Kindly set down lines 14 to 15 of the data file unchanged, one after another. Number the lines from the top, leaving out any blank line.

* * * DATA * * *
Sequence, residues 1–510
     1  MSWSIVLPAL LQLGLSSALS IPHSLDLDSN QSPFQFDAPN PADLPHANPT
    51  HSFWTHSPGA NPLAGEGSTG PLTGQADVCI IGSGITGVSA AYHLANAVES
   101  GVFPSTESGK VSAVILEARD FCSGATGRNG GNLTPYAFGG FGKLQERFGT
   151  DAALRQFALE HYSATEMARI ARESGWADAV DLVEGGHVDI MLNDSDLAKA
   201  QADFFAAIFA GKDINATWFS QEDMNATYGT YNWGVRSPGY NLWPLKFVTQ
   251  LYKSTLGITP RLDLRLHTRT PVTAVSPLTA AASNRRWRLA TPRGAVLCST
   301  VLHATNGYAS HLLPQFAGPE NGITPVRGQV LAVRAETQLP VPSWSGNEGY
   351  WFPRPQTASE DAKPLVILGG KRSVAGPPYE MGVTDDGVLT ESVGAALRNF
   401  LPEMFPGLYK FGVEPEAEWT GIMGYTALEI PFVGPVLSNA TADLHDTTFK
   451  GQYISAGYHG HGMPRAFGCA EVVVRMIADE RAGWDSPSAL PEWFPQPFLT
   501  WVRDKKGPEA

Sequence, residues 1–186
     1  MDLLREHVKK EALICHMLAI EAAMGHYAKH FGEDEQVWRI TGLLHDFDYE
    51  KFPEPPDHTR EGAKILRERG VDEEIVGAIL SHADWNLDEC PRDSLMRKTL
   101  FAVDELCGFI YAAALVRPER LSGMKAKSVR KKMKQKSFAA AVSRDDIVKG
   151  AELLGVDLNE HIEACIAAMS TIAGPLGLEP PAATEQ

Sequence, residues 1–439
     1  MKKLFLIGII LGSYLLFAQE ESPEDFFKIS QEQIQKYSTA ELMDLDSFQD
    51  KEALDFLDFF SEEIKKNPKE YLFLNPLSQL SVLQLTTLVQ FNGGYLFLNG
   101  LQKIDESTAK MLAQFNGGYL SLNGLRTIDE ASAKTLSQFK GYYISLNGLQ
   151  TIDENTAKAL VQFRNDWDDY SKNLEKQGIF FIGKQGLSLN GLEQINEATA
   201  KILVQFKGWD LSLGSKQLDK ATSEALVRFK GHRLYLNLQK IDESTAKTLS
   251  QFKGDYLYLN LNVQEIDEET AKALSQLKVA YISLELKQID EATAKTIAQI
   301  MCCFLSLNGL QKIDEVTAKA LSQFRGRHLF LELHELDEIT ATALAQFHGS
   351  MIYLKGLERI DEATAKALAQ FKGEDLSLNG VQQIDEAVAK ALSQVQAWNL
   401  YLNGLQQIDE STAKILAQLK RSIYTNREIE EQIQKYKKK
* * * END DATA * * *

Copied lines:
     1  MDLLREHVKK EALICHMLAI EAAMGHYAKH FGEDEQVWRI TGLLHDFDYE
    51  KFPEPPDHTR EGAKILRERG VDEEIVGAIL SHADWNLDEC PRDSLMRKTL